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Jewish-Muslim Passover Seder Commemoration

Local multi-religious celebrations and interfaith dialogue inspire communities nationwide.

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From left, Farhanahz Ellis, the interfaith and outreach director for ADAMS, Andrea Barron, organizer of the Seder for Washington Area Jews for Jewish-Muslim Understanding, ADAMS board member Rizwan Jaka, and his wife Priscilla Martinez, herself a local political and community activist, sit together at the interfaith Passover Seder.

With one foot in Fairfax County and the other in Loudoun, (yes, they needed permits from both counties during construction) the All Dulles Area Muslim Society (ADAMS) Center in Sterling couldn’t have been a better choice of venue for an interfaith commemoration of Passover, the ancient Jewish holiday celebrating the exodus of the Israelites from Egypt over 3,000 years ago. The building, with its cross-counties placement, symbolizes the bridge building that took place on Saturday, March 30, when members of the ADAMS Center co-sponsored a Passover Seder with the Washington Area Jews for Jewish-Muslim Understanding, led by Andrea Barron. Sitting side-by-side in the small meeting room were Jews and Muslims as well as Christian pastors from Falls Church and Reston.

THE TRADITIONAL SEDER PLATES at the tables contained all of the requirements for the ritual: unleavened bread, a green vegetable, a shank bone, roasted egg, bitter herbs, charoset, and a small bowl of salt water representing a bitter vegetable. Grape juice was the beverage utilized in the ceremony, with respect to the Muslim hosts and participants whose religion prohibits alcoholic drinks.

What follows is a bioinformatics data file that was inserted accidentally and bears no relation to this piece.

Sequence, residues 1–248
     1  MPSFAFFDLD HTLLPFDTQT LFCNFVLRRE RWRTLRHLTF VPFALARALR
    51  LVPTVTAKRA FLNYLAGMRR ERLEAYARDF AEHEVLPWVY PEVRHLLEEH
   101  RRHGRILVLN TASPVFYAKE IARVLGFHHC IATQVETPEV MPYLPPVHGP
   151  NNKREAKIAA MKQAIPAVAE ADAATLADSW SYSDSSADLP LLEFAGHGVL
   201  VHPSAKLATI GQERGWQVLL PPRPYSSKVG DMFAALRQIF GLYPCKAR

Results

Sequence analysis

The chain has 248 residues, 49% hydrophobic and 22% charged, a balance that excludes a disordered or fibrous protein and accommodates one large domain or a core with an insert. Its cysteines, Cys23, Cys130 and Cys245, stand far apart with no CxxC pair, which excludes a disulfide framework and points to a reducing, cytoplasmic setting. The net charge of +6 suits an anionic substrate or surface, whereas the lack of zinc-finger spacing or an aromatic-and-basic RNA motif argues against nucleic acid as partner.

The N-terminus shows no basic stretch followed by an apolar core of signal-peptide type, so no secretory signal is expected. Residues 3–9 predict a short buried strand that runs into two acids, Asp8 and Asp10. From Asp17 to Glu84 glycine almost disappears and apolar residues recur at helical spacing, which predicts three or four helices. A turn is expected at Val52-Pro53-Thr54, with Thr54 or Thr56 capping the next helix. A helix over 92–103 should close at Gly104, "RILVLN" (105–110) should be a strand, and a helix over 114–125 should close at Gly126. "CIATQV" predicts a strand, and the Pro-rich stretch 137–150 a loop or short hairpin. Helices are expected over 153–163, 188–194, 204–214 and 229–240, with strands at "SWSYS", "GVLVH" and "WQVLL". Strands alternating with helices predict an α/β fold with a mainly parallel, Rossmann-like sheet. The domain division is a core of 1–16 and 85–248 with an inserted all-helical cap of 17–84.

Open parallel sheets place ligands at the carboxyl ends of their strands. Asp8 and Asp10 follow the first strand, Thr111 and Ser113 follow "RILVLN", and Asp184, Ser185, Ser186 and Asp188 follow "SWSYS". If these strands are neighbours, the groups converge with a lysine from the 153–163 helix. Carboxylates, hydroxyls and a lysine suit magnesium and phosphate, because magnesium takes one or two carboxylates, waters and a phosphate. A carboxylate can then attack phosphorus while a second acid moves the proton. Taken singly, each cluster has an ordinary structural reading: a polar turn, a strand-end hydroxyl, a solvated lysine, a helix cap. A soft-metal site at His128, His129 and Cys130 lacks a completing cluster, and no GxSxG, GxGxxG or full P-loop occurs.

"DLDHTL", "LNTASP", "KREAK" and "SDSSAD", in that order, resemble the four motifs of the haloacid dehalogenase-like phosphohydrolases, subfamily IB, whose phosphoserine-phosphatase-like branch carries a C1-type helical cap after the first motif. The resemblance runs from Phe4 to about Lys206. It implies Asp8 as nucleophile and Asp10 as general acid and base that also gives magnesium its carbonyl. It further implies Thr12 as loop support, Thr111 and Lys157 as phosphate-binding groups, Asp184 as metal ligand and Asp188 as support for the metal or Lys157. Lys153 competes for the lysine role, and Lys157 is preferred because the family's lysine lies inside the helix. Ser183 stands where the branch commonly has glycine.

ADAMS board member Rizwan Jaka welcomed the assembly, declaring himself and the ADAMS community “honored” not only to be hosting the event for the fifth time, but also to be part of the celebration itself. “As Muslims,” said Jaka, “we commemorate when God freed the children of Israel from Pharaoh, and we believe that the Seder’s message is one for all humanity.”

Barron led the interfaith group through the prayers, songs and rituals, with members of all represented religions doing their best to join in. Everyone took turns reading from the Haggadah, the book that contains the instructions for the Seder, the blessings and songs, and the Passover story. “This year, our Four Cups of Passover will represent the universal values of Freedom, Justice, Peace and Understanding,” said Barron. At different stages throughout the ceremony Barron encouraged the celebrants to offer their thoughts on these and other topics, sparking thoughtful dialogue on how to close the gap between the “aspirations and actions of nations, political parties, religious communities, organizations and individuals” in bringing about peace, social justice and harmony. Topics ranged far and wide during the discussions, but often came back to concerns over the political situation in Egypt, the post Arab Spring developments, and how to influence a solution where Israel and Palestine can both enjoy peaceful, secure and prosperous futures.

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A roomful of faiths, customs and cultures come together to celebrate and to share ideas and prayers for sowing the seeds of peace.

ACCORDING TO BARRON, the first Jewish-Arab Seder in D.C. was held 25 years ago, bringing people together to work toward peace in the Middle East. “We are still working,” said Barron, “but look how far we’ve come and how many friendships we have built together.” Rizwan Jaka agreed. “Together we are helping to bring people of all faiths and customs closer together,” he said, excitedly announcing that after the showing of a mini documentary about their local efforts at the 49th Convention of the Islamic Society of North America, mosques in cities including Detroit, Houston and New York were reaching out to Jewish communities in their area to start their own multi-religious Passover commemorations and interfaith dialogues.